is right and proper for the state to control the rate of oil field exploitation and to impose a special petroleum tax (which was, in fact, a very reasonable tax, as I have argued here), it was very foolish of this Labour government to demand 51 per cent when, being up to its eyes in debt and heavily over-borrowed at home and abroad, it could not raise the finance for compensation without causing another slide in sterling and a slump in the gilt-edged market. Nor is it certain that an equity share gamble in North Sea oil is worth the huge capital risk. By pushing the price up to $12 a barrel the OPEC cartel has for the time being guaranteed a profit on North Sea oil, which will cost anything up to $9 a barrel landed at the refinery, but can the OPEC cartel survive a long world trade recession? Already a price-cutting war among the big oil retailers is emerging which may yet break the OPEC front. I am convinced that the correct oil policy for a British government with a weak currency would have been to attract all the foreign risk capital it could to exploit these very expensive, difficult and dangerous submarine oil fields and rake in a handsome revenue from royalties and the special petroleum tax. Instead, Labour has frightened off a lot of foreign capital by the threat of nationalisation and delayed by a year or more the exploitation of the fields by not making up its mind quickly about taxation and its policy of grab. As Herr Schmidt reminded Mr Wilson in Rome, we are not yet a major oil exporter. So far we have brought in two or three small fields and one major one — the Forties — but it will be 1976 before Forties, operated by BP, reaches 200,000 barrels a day and 1977 before it gets to its peak of 400,000 barrels a day. By 1980 we might be able to meet our current oil consumption (now 1,700,000 barrels a day) and export a little to help pay our overseas debt charges. But let no one suppose that we have in the North Sea oil fields comparable with the prolific fields of the Middle East. We shall be lucky if they last twenty years. And the cost of production will always be ten times more than in the Persian Gulf.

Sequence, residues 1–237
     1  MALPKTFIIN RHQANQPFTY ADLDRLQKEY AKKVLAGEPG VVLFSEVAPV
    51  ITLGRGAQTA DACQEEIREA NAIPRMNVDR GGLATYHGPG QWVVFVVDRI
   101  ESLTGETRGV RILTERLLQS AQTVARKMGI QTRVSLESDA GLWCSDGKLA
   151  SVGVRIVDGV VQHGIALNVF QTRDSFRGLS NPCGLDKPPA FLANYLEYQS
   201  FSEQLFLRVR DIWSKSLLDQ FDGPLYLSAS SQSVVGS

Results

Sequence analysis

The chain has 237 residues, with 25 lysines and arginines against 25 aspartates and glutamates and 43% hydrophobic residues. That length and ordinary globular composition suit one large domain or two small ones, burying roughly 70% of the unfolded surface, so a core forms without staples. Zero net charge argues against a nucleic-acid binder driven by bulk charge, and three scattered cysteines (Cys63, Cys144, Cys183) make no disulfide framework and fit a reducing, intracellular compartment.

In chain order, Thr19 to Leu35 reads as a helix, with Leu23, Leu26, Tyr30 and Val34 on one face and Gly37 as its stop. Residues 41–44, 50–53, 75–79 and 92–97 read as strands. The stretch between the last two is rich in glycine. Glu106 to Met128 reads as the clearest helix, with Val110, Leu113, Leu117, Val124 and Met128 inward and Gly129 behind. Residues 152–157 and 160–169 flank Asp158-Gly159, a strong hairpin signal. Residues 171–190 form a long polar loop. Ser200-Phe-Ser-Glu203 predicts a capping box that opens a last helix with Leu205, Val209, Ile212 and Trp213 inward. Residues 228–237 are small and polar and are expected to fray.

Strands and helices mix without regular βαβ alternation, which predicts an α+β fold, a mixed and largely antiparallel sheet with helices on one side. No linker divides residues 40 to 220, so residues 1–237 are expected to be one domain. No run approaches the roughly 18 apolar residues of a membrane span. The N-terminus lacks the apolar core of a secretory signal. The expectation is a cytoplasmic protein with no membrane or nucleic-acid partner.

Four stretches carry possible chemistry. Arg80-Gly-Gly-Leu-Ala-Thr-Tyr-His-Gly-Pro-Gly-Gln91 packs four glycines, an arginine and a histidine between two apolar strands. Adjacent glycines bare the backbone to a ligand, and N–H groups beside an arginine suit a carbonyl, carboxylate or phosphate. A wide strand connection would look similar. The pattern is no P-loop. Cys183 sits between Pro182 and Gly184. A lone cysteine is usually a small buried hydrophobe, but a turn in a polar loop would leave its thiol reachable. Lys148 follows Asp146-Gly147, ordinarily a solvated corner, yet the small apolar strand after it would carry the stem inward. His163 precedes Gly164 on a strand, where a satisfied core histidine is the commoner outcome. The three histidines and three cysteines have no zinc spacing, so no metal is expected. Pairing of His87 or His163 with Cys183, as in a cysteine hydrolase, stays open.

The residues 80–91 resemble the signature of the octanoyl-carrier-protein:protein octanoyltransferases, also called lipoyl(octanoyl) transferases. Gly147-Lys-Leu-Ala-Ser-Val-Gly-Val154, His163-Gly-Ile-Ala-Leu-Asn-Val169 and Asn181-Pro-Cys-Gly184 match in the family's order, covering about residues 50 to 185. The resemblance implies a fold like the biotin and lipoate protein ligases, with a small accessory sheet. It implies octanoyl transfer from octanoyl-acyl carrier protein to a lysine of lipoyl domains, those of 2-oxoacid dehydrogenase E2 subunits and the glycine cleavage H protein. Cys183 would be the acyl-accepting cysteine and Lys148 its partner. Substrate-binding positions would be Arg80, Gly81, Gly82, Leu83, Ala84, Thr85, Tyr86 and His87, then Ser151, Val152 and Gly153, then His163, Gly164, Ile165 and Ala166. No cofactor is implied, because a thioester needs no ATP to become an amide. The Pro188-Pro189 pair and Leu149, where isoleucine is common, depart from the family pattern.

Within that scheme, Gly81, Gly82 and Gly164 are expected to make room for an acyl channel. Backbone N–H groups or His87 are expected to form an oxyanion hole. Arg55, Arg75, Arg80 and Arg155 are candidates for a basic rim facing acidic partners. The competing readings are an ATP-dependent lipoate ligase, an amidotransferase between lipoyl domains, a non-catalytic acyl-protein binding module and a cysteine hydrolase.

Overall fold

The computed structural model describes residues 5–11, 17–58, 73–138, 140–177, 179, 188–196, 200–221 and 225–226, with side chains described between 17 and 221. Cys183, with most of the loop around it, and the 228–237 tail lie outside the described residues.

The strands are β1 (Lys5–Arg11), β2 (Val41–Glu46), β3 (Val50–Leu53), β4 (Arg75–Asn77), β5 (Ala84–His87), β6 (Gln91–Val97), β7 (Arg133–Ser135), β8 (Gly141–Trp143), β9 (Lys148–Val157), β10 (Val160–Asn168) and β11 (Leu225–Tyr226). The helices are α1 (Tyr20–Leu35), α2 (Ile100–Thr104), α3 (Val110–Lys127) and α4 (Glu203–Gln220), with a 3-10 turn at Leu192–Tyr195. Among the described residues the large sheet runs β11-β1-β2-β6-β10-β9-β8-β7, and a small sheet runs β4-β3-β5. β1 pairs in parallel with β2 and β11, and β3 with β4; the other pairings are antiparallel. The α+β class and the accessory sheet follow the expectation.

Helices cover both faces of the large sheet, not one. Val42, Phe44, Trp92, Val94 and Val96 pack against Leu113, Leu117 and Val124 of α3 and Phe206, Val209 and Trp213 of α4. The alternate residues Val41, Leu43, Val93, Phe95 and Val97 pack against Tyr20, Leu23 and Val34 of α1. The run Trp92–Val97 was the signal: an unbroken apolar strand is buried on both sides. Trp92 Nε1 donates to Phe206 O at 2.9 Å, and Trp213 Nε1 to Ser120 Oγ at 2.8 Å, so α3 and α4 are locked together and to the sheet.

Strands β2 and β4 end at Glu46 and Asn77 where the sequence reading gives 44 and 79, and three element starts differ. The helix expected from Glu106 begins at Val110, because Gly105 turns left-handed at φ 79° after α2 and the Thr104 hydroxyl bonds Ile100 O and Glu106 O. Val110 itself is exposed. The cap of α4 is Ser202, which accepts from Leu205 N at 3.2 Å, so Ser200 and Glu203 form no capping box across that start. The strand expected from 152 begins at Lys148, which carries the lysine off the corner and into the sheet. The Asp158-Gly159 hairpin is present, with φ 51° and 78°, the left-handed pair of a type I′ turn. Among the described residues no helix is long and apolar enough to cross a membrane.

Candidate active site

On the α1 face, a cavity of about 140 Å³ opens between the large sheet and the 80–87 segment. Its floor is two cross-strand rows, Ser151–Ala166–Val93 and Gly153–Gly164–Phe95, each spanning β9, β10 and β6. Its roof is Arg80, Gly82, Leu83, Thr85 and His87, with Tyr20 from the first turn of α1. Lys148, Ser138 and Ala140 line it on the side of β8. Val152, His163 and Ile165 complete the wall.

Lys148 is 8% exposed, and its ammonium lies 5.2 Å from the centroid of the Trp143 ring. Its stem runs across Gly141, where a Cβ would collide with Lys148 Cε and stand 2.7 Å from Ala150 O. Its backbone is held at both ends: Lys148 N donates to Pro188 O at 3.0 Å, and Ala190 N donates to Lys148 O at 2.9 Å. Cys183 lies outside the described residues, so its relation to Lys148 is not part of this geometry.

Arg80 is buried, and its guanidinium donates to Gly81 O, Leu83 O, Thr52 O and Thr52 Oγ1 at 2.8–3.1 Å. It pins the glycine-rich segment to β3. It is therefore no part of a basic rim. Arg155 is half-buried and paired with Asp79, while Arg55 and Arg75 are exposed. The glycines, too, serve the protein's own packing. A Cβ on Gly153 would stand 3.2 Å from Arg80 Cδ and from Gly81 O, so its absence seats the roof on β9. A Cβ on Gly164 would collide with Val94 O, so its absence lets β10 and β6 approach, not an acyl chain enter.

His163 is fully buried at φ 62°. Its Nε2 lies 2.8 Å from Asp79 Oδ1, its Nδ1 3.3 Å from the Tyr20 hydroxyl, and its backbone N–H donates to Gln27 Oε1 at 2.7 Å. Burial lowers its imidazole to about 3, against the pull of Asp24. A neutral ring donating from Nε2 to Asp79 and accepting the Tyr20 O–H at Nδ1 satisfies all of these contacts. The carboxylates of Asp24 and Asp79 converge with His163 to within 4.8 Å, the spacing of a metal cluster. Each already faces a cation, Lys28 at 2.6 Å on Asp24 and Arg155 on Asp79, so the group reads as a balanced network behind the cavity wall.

The Labour Party bias against the international oil companies may be responsible for the shabby treatment of Burmah Oil. Nothing good can be said of the old management, which incurred tanker losses running into the staggering figure of nearly £50 million by the middle of this year. But when it went cap in hand to the Bank of England instead of begging from one of our American oil rivals it did so to protect the national interest in its large 21 per cent holding of British Petroleum. The Bank bought this holding at the bottom of the market for £179 million; it is now worth £450 million. When it comes to re-selling the BP shares at an enormous profit the Bank should feel obligated to hand over part of it to the old Burmah shareholders. They were not speculators; they were mostly small shareholders and pension funds and they were never consulted, as they should have been at a general meeting, about the sale of their main asset. To add insult to injury Mr Benn, the Energy Minister, is now offering to buy their company's interests in two North Sea oil fields — Thistle and Ninian — "at a fair price to be negotiated on an arm's length basis." Any deal with Mr Benn would be on an arm's length basis but seeing that an interest in the Thistle field was sold this year to a German group at a discount of around 45 per cent on an estimated 'net' basis, the shareholders of Burmah, selling under duress, can hardly expect a fair price. They have not yet been able to sell their North American interests.

To further its doctrinaire socialisation aims the Labour Government has set up a National Oil Corporation to engage in this cut-throat international oil business which can only pay off (except for the highly paid chairman and his staff) if the Corporation links up with the OPEC world cartel to keep up the world price of oil at a higher level than is economically justified. It is a pretty shameful thing to do, especially as our national interest in North Sea oil could have been perfectly well protected by general tax and environmental legislation.